would I make it again: Yes.
recipe: Baby carrots with labne & herb salad
Monday, March 15, 2010
To behold the inside of a pomegranate, with its garnet gems clinging to the white membranes like precious stones to rocks makes you feel as if you have unearthed a hidden treasure. Although it has only begun to become popular in the kitchen, it has long been written about in Greek Mythology and early religious texts. A mere four so juicy arils earned Persephone 4 months a year in the Underworld with Hades - she just couldn't resist its temptation.
I love pomegranates in savoury dishes as well as sweet - they not only add wonderful flavour but also visual interest. These meringues looked simple yet stunning and I had to try them.
prep time: 5mins.
cooking time: 1 hours (make pomegranate syrup whilst they cook).
total: 1hour & 5mins.
taste: 3.5/5. Nice but lacks oomph.
To be honest, I did doubt the dessert-ness of this dish when I spied that it used Greek yoghurt rather than cream, which in hindsight, I would have substituted. The yoghurt's fresh tanginess subdues the sweetness of the pink meringue and paired with the tartly juicy pomegranate and scented rose, this was more of an afternoon treat rather than an evening delight for me.
I cooked the meringues as directed but they didn't have enough of a marshmallow centre for me so I would suggest cooking them as directed for the 50mins and then turning off the oven to dry them.
I used rose water as I simply love rose and didn't want a diluted version.
recipe: Rosewater meringues with pomegranate syrup
would I make it again: No - My mother loved this but I merely liked it.
Friday, March 12, 2010
If you live in Australia, you no doubt heard about Melbourne's exciting encounter with a super cell storm - I, like almost all Melbournians, have never seen anything quite like it. I was fortunate enough to get home a mere five minutes before the skies turned a midnight black and everything became silent - and not that 'all is calm, all is right' silent, that eerie 'something terrible is a-comin' silent. It wasn't long before a strange helicopter whirring sound enveloped everything and then BAM. A huge ball of ice hits the kitchen window. BAM. Another smashes into the roof. BAM. BAM. BAM. BAM. BAM. You get the picture. Most of the hail was passion-fruit-sized and it's destructive fury was indescribable.
The entire CBD was in knee deep water and snow, every street closed down, every tunnel and most highways. Large building roofs collapsed, shopping centres flooded and it even began to rain inside cinemas. It took over 10 hours before people could drive home, if their cars hadn't washed away or been punch-holed that is. Truly freaky stuff.
Well that was on Saturday, and it's now blue skies and sunshine all the way. You gotta give Melbourne Weather a hand, he keeps it fresh.
prep time: 1 hour (includes chilling time).
cooking time: 30mins.
total: 1hour & 30mins.
taste: 4/5. Crusterific!
Surprisingly, what I loved most about this dish, was it's perfect crust. I don't think I will use any other for savoury tarts from now on it was that great.
The filling is subtle, I was actually hoping for a stronger aniseed flavour from the fennel, but it strolled modestly with the onion and egg filling, all taking equal flavour portions. The goat's cheese should be mild, I went for a slightly more pungent one and it added too much bitterness to this delicate tart - something creamy and slightly salty would be perfect. Hubby loved this more than I did.
would I make it again: Yes.
recipe: Fennel, onion & goat's cheese tarts
Thursday, March 4, 2010
Well, hello again March, it's been far too long indeed.
I won't deny it - my song belongs to the late summer breeze and turning leaves that is the beginning of Autumn. To me, March is a collection of the best moments of the previous Seasons - Summer's gentlly warming touch, Spring's painted bouquet, and Winter's invigorating zephyrs. My heaven would be a year of March's.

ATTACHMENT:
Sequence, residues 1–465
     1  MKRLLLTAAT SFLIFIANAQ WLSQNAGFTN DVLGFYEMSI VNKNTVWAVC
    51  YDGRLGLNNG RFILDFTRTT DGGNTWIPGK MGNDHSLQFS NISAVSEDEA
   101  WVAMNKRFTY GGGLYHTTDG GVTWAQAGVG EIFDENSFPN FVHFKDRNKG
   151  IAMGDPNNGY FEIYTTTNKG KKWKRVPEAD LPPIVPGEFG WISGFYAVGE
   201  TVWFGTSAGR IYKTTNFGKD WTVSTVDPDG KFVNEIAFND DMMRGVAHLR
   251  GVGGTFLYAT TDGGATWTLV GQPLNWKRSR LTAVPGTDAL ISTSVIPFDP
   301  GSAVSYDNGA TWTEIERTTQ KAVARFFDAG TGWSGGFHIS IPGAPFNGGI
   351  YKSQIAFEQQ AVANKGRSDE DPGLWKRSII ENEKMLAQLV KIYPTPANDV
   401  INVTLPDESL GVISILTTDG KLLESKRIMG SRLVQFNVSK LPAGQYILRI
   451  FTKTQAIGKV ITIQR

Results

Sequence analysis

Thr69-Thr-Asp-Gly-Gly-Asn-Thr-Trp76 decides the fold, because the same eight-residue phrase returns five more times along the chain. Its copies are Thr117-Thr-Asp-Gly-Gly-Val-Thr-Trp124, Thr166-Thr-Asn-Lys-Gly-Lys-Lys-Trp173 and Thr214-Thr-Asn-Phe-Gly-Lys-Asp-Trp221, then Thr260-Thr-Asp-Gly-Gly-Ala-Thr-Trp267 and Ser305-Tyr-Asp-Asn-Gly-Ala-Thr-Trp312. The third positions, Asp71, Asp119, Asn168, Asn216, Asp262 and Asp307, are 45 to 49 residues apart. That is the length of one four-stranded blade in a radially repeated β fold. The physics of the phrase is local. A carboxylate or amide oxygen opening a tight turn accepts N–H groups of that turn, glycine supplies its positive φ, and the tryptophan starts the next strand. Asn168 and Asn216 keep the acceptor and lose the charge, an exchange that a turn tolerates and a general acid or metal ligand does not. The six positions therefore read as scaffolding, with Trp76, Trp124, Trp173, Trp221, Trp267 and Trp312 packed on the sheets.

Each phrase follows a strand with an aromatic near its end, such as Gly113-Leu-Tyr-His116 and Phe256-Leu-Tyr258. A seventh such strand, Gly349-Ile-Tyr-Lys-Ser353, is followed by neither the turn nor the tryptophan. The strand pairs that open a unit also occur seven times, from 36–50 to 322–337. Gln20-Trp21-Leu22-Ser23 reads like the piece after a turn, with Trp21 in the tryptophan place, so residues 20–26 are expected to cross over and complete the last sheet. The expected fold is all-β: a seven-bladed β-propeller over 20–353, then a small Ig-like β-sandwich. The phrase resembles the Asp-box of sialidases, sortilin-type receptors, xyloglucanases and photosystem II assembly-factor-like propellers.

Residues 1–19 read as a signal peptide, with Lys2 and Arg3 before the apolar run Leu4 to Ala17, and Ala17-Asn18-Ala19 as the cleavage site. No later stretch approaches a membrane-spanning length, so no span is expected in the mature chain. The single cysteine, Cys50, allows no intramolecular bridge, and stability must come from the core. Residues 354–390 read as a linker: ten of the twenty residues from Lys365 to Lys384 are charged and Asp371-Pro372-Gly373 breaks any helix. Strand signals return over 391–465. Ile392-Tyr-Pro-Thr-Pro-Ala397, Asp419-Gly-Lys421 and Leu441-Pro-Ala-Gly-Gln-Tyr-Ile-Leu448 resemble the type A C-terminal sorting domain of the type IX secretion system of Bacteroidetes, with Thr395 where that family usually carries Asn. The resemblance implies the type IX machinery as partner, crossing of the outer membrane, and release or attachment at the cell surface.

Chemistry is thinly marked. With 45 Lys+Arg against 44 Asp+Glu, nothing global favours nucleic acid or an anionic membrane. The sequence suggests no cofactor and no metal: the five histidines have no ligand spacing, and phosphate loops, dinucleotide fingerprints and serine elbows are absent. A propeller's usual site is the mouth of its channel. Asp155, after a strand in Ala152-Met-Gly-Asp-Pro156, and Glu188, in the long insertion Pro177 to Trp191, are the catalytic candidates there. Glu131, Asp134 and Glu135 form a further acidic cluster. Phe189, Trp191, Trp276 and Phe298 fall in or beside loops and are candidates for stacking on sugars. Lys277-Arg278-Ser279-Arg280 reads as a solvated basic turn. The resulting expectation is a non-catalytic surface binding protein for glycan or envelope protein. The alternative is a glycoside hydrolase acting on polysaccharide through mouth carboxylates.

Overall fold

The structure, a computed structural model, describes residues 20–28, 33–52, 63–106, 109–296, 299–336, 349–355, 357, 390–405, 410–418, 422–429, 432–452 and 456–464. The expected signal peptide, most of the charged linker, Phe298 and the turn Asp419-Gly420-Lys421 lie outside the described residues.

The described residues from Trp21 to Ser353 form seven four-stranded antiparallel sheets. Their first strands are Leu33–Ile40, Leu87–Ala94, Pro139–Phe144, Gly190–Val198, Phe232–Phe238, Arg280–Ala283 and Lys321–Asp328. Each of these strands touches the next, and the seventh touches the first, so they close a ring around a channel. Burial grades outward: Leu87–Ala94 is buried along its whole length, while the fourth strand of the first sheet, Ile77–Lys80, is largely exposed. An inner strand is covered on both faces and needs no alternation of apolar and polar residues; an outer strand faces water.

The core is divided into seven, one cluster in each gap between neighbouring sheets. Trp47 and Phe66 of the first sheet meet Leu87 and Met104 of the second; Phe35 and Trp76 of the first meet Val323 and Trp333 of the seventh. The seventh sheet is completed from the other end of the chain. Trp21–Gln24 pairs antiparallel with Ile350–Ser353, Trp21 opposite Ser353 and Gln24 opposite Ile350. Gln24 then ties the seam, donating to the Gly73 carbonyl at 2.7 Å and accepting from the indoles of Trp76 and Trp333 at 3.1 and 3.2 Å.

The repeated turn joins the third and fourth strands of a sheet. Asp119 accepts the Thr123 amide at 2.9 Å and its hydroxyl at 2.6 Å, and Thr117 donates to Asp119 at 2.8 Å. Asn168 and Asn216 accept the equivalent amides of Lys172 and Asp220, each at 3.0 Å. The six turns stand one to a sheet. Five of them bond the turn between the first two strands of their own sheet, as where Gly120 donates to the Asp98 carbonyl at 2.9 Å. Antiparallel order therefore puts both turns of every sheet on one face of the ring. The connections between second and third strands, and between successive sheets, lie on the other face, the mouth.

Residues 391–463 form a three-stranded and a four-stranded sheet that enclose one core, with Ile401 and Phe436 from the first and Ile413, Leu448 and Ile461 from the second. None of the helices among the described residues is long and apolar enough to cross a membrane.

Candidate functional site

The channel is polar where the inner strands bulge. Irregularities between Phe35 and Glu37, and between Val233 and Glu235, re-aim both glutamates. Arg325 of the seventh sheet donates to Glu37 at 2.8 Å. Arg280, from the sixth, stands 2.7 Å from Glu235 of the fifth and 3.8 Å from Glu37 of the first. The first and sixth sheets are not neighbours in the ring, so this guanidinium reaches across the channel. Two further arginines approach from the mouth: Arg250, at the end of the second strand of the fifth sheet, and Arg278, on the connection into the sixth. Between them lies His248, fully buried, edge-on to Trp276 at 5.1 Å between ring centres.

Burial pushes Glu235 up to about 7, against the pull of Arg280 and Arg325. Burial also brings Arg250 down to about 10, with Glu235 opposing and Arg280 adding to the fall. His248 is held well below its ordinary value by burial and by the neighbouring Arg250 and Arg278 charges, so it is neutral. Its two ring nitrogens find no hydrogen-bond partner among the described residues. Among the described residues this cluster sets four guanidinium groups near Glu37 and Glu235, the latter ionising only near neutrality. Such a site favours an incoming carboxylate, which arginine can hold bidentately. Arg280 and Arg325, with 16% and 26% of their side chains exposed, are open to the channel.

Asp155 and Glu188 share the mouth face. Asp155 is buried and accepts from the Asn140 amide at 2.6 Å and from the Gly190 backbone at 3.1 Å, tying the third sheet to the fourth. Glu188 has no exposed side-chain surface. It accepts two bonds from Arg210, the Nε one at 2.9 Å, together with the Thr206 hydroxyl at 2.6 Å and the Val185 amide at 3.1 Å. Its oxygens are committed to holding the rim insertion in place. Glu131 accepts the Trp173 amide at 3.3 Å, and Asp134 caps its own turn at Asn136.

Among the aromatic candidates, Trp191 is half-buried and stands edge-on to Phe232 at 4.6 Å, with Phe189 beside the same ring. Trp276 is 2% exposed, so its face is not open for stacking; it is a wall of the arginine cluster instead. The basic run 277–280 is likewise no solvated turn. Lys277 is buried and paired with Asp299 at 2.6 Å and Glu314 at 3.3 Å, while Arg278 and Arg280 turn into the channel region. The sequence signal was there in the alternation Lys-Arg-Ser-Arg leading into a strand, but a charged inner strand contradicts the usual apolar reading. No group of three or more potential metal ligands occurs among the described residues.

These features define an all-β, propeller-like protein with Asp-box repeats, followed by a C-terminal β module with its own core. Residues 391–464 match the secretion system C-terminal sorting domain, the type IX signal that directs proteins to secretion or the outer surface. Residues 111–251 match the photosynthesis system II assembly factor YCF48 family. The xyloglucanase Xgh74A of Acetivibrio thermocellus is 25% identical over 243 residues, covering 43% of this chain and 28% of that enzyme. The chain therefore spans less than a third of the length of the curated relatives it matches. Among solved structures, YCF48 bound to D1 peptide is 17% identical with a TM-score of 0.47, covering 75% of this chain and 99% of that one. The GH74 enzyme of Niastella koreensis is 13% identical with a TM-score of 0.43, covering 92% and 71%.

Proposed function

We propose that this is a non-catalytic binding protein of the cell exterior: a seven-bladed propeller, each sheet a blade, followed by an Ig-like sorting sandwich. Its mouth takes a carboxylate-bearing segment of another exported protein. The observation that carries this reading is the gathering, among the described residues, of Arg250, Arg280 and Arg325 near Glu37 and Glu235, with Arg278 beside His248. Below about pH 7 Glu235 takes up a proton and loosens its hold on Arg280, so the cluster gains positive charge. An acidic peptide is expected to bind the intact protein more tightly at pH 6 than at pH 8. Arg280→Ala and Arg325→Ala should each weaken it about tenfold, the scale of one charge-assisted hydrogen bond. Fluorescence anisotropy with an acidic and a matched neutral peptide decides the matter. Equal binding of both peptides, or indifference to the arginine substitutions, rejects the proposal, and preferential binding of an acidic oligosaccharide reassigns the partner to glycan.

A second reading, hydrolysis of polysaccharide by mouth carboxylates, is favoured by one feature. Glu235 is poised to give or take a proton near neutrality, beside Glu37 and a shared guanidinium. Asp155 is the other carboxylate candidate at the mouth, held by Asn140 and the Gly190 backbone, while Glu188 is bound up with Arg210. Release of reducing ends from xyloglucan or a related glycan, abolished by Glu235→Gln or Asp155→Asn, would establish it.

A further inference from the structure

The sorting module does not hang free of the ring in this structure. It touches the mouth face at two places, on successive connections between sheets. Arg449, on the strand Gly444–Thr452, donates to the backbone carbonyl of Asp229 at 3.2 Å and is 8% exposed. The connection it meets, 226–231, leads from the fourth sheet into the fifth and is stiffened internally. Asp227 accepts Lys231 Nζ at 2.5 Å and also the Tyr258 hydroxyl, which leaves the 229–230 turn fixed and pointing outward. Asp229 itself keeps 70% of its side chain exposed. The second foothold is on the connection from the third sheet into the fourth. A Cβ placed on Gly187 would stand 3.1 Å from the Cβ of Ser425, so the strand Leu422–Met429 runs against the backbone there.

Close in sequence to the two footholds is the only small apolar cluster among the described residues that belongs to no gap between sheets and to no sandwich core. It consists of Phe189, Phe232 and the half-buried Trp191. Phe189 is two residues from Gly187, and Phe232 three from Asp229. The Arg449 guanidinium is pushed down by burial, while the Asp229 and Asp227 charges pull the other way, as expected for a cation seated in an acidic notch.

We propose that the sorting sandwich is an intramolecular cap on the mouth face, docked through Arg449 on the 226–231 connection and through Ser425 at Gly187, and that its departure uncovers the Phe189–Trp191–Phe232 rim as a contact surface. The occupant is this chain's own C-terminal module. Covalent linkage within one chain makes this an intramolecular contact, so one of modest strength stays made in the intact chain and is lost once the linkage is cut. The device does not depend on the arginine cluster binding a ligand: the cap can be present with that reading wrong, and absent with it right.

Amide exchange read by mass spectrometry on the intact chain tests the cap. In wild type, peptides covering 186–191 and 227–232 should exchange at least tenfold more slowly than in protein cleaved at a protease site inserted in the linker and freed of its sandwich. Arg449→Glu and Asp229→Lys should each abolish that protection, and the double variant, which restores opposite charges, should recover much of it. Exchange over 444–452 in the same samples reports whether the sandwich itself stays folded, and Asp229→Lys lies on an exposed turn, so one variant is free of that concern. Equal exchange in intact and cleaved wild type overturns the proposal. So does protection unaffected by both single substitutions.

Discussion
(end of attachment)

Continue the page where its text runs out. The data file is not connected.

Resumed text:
Month-infatuation aside, I also get excited when it's bounty of beautiful Autumnal produce arrives. Yes, my beloved Nectarine's will slowly bid me farewell, but to help fill the void are Brilliant Berries, Fleshy Figs, Charismatic Corn and Put-me-at-ease Pumpkin to name a few.
I scurry about digging up Autumn recipes to place in my cooking basket, ready and waiting. Whilst I was selecting which ones would make the cut, I needed something to make this week, something special. I saw this tart on Masterchef and wondered if it could defeat the Triple Chocolate Praline Tart that has more requests than any other dish but takes a touch too long to make on the day.
Monday, March 1, 2010
Sometimes the simplest is best.
Inspiration can be found anywhere.
I am particularly susceptible to inspiration's charms. I find my mind is easily tickled and spun into a carousel of ideas and thoughts by something so simple as a dandelion dancing on the breeze's toes, or in this instance, the satisfied grin of my husband after eating a salad at a restaurant. From that one meal, he discovered a new food, a new taste that tickled his tongue - Jamón ibérico.
This inspired me to find some myself so that I could create my own simple salad with it. Surprisingly, I found it on my third stop at a local Jones the Grocer store.
There are three grades, which I found out after the purchase, so I am not sure which grade it was, but suffice to say, hubby was pleasantly surprised to find it on his plate.
The original salad was comprised of Jamón ibérico, black fig, sweet rocket, hazelnut vinaigrette & balsamic jelly, but seeing as though we wanted a short break from figs (our mother in law kindly donated a bag of them from her garden), I thought I'd use some peaches before they disappear for another 9months.
Peach, Jamón ibérico & Buffalo Mozzarella salad
serves 4 as a side dish
50gm rocket, rinsed and dried
2 peaches, sliced into 8
6-8 slices of Jamón ibérico
250g buffalo mozzarella, torn (burrata would also be lovely)
1/2 lemon, juice only
balsamic reduction and olive oil to drizzle
salt and pepper to season
Slice peaches and toss with lemon, olive oil and salt and pepper. Rinse and dry rocket and scatter on plates. Arrange Jamón ibérico, peaches, mozzarella on plate and drizzle balsamic. Serve.
prep time: 10mins.
taste: 4.5/5. Second-serving-scrumptious.
Hubby liked this so much he had a second serving of it.
This is all about quality ingredients so don't scrimp.
The peaches are luscious and add freshness to the peppery rocket and soft, creamy buffalo mozzarella whilst the balsamic adds sweet tanginess without overpowering the subtle but rich Jamón ibérico.
would I make it again: Yes, I'd definitely continue to play around with the flavours a little.